Super Bowl 2014 Weather Forecast: What to Expect for the Big Game

Kenny DeJohnAnalyst IIIFebruary 1, 2014

A billboard is displayed along Super Bowl Boulevard in Times Square in New York on Friday, Jan. 31, 2014. The Seattle Seahawks play the Denver Broncos on Sunday at the stadium in the NFL Super Bowl XLVIII football game. (AP Photo/Paul Sancya)
Paul Sancya/Associated Press

By now, even the most casual of football fans knows that the first-ever cold weather Super Bowl has the chance to really alter the outcome of the action.

The Denver Broncos and Seattle Seahawks both play in cities that are accustomed to colder weather, but the conditions expected for kickoff in East Rutherford, N.J. on Feb. 2 aren't considered very favorable. Reports have changed over the past two weeks, but now just a day before the action, we can really get a good idea of what game conditions will be like. has provided constant updates for Super Bowl Sunday, and all weather conditions outlined in this piece have been taken from that site.

Before getting into the weather, here's some other information to make sure you don't miss any of the action on Sunday.


When: Sunday, Feb. 2, at 6:30 p.m. ET

Where: MetLife Stadium, East Rutherford, N.J.

TV: Fox

Live Stream: Fox Sports Go

Betting Lines (via Bovada)

  • Over/Under: 47
  • Spread: Denver (-3)


The Conditions

Byline Withheld/Associated Press

Accuweather predicts that there will be a high of 51 degrees and a low of 27 degrees on Sunday. The players will not get to enjoy the 51-degree weather during the game, but that is a very comfortable temperature for pre-game stretches and warmups.

Showers are expected in the late afternoon. There is a 51 percent chance of rain at 5:00 p.m. and a 47 percent chance of rain at 6:00 p.m. That percentage drops all the way down to four percent from 7:00 to 11:00 p.m.

Assuming it isn't rainy, the conditions don't figure to be terrible. The temperature should never get below freezing, though the 40-degree mark Accuweather is calling for 9:00 p.m. isn't exactly comfortable.

Throw in wind chill, and the actual feel at that time will be somewhere around 35 degrees.

Sure, it should be a little cold, but these conditions are far better from the blizzard the Farmer's Almanac was calling for several months ago.


Who Benefits From the Cold?

Jeff Roberson/Associated Press

The Seahawks defense will benefit greatly from the cold. Peyton Manning isn't great in the cold, and despite a record-setting season, he may not have the consistency in the cold weather to put up great numbers.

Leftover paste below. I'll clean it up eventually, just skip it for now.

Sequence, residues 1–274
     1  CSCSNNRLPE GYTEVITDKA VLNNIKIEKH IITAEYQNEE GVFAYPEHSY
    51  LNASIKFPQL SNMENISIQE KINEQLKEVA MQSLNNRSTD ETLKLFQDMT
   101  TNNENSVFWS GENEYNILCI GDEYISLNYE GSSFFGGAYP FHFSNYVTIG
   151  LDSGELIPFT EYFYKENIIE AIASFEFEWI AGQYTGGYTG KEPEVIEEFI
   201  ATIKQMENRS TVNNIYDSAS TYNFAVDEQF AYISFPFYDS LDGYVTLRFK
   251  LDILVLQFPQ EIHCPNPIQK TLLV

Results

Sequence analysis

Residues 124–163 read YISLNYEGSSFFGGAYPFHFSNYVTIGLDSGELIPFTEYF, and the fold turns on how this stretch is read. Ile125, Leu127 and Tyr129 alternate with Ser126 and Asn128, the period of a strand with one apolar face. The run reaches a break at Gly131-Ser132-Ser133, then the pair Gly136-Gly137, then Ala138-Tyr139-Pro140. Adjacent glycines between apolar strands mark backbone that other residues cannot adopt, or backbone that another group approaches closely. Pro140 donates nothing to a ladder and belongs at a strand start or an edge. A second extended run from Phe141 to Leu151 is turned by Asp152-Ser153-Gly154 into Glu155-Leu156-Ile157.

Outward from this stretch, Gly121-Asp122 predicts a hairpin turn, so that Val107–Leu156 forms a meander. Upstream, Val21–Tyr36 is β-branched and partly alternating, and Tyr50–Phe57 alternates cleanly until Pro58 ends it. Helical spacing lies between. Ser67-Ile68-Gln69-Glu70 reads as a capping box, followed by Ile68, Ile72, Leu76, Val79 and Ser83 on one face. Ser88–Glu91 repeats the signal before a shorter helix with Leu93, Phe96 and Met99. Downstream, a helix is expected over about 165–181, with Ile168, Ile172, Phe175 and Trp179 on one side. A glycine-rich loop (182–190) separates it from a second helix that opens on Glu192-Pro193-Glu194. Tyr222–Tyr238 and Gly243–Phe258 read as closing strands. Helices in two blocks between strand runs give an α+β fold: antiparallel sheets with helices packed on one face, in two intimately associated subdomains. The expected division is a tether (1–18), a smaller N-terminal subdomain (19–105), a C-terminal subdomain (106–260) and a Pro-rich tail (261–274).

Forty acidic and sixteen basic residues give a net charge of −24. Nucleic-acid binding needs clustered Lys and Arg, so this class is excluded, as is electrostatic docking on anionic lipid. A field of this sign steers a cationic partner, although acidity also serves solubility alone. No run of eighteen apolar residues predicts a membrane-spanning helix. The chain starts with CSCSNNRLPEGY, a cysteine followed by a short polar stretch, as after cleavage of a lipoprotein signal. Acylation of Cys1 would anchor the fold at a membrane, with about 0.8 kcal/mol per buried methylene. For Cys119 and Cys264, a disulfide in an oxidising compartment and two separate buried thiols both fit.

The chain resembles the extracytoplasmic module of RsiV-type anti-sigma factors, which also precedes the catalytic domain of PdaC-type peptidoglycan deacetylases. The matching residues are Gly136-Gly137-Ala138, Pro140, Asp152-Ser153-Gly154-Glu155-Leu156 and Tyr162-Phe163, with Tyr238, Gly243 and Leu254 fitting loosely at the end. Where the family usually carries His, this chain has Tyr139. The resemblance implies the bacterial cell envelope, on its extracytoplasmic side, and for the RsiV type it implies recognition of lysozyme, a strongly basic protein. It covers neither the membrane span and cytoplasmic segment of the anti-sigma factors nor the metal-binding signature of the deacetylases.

Throw in the fact that his likely cold hand and throwing shoulder will be trying to pick apart the best secondary in the NFL, and you've got yourself a recipe for disaster. Richard Sherman, Earl Thomas and Kam Chancellor will be looking to make plays all game long—just as they've done throughout the entire season.

John Clayton of told Accuweather why Manning won't be as strong in the colder weather:

The big problem is that he is not as strong now throwing the football, as he was at a younger age. Look at all four playoff games that have been below 40 degrees, the interception numbers go up, the completion percentage goes down, and that will definitely be a problem.

Manning has the best weapons of his career (and that's saying something after throwing to Marvin Harrison, Reggie Wayne and Dallas Clark for much of his time in the NFL), but even that fact might not be enough to keep Manning's contributions on par with his per-game averages this season.


Why Seattle is Best Equipped for the Cold on Offense

If the conditions are as cold and wet as what seems possible, then Marshawn Lynch is the most important player in this game—by far.

Lynch torched the San Francisco 49ers defense for 109 yards and a touchdown in the NFC Championship Game, and he'll need to pick up similar yardage in the Super Bowl. The Broncos allowed nearly 25 rush yards per game less than the second-place team this season, but the fact that the Niners ranked fourth in the NFL in that category leads me to believe that Lynch can still have a strong game.

Russell Wilson usually doesn't torch the defense for big yardage in the air. If it's cold and rainy, then he certainly won't be doing it in the Super Bowl.

Elaine Thompson/Associated Press

Seattle's reliance on Lynch will likely increase as a result, and his ability to churn out yardage is key.

Knowshon Moreno of the Denver Broncos is also a good running back, but the Broncos offense isn't prepared to lean on him for the entirety of a game. The Seahawks have leaned on Lynch all season long.

They'll be ready for whatever the weather throws at them.